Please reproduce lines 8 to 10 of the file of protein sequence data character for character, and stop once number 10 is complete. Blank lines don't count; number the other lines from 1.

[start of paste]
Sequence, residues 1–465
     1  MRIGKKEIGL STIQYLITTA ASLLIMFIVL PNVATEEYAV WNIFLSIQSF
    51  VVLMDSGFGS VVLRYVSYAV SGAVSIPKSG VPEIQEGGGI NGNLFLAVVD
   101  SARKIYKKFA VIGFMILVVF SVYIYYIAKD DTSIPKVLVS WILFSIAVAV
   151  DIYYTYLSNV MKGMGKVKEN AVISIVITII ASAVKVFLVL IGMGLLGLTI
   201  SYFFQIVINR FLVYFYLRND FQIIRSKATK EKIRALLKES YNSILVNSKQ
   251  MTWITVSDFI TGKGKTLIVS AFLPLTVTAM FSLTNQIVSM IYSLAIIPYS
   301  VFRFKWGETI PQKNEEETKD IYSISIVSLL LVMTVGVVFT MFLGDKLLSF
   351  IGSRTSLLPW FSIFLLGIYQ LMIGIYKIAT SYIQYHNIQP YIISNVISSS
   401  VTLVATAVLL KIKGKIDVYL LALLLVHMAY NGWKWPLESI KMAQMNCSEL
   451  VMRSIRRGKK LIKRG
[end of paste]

   301  VFRFKWGETI PQKNEEETKD IYSISIVSLL LVMTVGVVFT MFLGDKLLSF
   351  IGSRTSLLPW FSIFLLGIYQ LMIGIYKIAT SYIQYHNIQP YIISNVISSS
   401  VTLVATAVLL KIKGKIDVYL LALLLVHMAY NGWKWPLESI KMAQMNCSEL